Now, Gordon and Stewart retiring certainly provide a platform for other opportunities. Soon-to-be-rookie Chase Elliott inherits top-notch Hendrick Motorsports equipment and can make an immediate impact. Ryan Blaney, not listed here as an official rookie candidate, could be run full-time in the near future by Team Penske. Both men have what it takes to win at the Cup level, each paired with a famous last name that could bring over some semblance of a fan following should they succeed.
As for the others? So many people don’t know enough about them. TV coverage is focused on the Chasers, not building a narrative each week about a guy predestined to run no better than 25th place. Heck, half the race fans in the stands might think Annett is their neighbor down the street instead of Clint Bowyer’s future teammate in 2016. With the list of Cup qualified drivers dwindling, so is the name recognition of half the drivers in the field who haven’t accomplished something worth talking about.
That, more than anything is the biggest hole left behind by Gordon and Stewart’s departure. Both men will stick around the sport, one as a broadcaster and the other running a four-car operation and a key track (Eldora) to the sport’s future success. But off-track excursions do little to turn fans into paying customers. Will Gordon and Stewart fans stick around and attach themselves to one of these other names? Has the product they’ve seen been strong enough to convince them their own time as a fan should continue?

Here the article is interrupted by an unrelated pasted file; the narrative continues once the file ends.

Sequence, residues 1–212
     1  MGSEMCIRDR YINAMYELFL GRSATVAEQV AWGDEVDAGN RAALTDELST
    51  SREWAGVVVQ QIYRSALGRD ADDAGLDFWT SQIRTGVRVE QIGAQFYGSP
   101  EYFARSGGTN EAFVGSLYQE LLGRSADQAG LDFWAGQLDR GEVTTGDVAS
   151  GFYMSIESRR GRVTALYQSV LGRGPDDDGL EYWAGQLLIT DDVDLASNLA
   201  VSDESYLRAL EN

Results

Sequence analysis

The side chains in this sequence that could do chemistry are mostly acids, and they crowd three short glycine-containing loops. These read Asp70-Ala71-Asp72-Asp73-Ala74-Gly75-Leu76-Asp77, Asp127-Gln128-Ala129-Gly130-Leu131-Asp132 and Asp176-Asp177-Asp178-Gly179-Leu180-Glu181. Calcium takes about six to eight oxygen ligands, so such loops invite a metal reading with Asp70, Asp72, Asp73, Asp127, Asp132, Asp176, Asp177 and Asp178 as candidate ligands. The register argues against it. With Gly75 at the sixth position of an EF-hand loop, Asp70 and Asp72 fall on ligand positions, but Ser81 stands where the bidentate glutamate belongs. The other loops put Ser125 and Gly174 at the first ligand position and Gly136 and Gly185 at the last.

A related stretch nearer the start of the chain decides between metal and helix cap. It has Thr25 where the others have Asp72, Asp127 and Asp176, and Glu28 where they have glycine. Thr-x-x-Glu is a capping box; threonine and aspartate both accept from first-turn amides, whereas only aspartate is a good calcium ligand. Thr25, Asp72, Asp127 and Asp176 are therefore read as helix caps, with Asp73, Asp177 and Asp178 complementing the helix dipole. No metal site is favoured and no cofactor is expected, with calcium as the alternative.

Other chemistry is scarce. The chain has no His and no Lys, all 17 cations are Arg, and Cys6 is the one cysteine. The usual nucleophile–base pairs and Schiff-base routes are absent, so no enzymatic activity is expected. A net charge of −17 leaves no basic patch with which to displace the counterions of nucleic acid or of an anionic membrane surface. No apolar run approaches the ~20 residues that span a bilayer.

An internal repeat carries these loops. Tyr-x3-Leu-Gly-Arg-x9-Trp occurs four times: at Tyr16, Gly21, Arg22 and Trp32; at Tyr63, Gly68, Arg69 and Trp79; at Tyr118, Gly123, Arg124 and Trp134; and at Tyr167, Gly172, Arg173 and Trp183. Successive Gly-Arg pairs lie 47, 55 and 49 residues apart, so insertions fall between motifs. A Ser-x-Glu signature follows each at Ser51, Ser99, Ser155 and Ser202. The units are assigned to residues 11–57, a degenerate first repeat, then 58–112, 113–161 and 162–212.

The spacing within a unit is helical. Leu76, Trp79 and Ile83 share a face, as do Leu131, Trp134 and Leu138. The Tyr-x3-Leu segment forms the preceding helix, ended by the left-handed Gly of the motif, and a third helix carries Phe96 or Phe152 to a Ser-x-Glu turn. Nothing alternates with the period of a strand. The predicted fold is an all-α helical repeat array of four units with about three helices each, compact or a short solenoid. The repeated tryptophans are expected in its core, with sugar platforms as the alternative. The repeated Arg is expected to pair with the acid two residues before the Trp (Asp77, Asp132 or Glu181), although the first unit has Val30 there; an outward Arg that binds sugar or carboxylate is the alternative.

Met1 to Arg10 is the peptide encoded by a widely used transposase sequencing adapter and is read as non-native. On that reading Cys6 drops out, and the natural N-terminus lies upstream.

And what about Fortune 500 companies taking a future look at the sport? What recognizable name can they trumpet now that two of the sport’s biggest stars are leaving the stage? The first name that comes to mind is Dale Earnhardt Jr. Guess what, folks; he’s no spring chicken. Earnhardt, Johnson and Kevin Harvick will all be 40 by the end of the 2015 season. Considering Gordon and Stewart will be done by age 45, well, the end could be near for several more familiar faces.
An aging corps of drivers pairs with aging owners and an aging fanbase. How will NASCAR relate to the next generation? How will they cope? Every retirement within the sport has tied itself to the rise of a new group of stars. One can hope the same will happen here.
The sport officially loses two living legends soon. If only on their way out they knew how to effectively replace them.
About the author
The author of Did You Notice? (Wednesdays) Tom spends his time overseeing Frontstretch’s 40+ staff members as its majority owner and Editor-in-Chief. Based outside Philadelphia, Bowles is a two-time Emmy winner in NASCAR television and has worked in racing production with FOX, TNT, and ESPN while appearing on-air for SIRIUS XM Radio and FOX Sports 1's former show, the Crowd Goes Wild. He most recently consulted with SRX Racing, helping manage cutting-edge technology and graphics that appeared on their CBS broadcasts during 2021 and 2022.
You can find Tom’s writing here, at CBSSports.com and Athlonsports.com, where he’s been an editorial consultant for the annual racing magazine for 15 years.